Tuesday, July 20, 2010

Flash Rigged Sprite Update: Success?




So a quick update on using Flash's "bone tool" for animating characters.

Not willing to let the whole "Toon Boom dropping the ball on the importer" situation slow me down, I exported the character from Toon Boom to a normal SWF file. I then loaded it into Flash and began the tedious process of naming each part of the character (again). Then, I selected all of the parts at once and used "distribute to layers" to put them all onto their own layers for use.

I was then able to start rigging the character with the virtual armature. The only real hinky part was that the layer depths change while you are rigging. This wouldn't be a big deal if I could slide them around in the layer window, but you have to use the "Bring Forward, Bring to Front, etc" functions. Didn't take forever, just longer than I would have liked.

Later this week, I'm going to try and animate hands for the character and create its "Idle Animation".

4 comments:

  1. Are you planning to export rendered frames, or use the skeletal animations directly in your game? I went with skeletal animations in my game, and I'm really glad I did, but it was alot of work to get them to work properly.

    I like the art style. I'm gonna have to read back a bit in your blog and see how you're doing things. (We're doing everything in raster images starting from really high res scans, rather than using vector art)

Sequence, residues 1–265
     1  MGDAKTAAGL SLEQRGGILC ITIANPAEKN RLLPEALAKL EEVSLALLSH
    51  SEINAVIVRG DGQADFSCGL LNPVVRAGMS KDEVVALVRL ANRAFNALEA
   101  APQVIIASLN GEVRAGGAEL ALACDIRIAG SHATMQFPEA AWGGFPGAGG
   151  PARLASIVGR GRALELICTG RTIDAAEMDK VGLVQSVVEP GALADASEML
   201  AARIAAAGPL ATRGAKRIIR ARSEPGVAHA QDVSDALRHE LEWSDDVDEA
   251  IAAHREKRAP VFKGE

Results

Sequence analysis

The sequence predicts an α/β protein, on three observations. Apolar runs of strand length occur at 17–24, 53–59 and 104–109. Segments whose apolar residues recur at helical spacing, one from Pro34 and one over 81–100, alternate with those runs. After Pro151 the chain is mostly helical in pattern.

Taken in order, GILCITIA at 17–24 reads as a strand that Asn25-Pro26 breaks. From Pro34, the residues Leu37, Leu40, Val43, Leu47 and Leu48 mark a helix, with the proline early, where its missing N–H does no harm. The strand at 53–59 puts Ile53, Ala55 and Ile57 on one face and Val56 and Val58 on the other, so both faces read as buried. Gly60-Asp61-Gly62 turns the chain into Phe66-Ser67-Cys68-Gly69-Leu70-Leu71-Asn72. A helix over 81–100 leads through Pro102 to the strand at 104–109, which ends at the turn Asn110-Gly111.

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  2. Thanks for the comment. I'm going to be sticking with exporting the frames of animation from Flash. I was going to look into the skeletal animation system in XNA to use for some larger "Contra" style end bosses. Did you use any tutorials in particular?

    I'm also scanning in my line art and down sizing it for a slightly more retro look. Funny part has been trying to balance "actual retro graphics" and how I remember them.

    I've been following your site for a little while now. Looking good.

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  3. No tutorials, really. I just sort of made it all up as I went, praying that it would run fast enough on the 360. I've been lucky so far.

    The trickiest bit was to get it all working with SpriteBatch. Allowing child bones to translate/rotate with parent bones involved some matrix trickery that I couldn't handle with the SpriteBatch.Draw parameters.

    Also, if I wanted to flip the characters horizontally, I needed to turn off back face culling, which had me stumped for a bit.

    I'm subscribed to your rss feed. I look forward to seeing your ongoing developments.

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  4. Thanks for subscribing!

    I picked up Building XNA 2.0 Games: A Practical Guide for Independent Game Development by James Silva (the Dishwasher Samurai guy) and I think that he has a system explained in there. Pretty impressive that you figured it out on your own. I'm hoping that can walk me through doing it.

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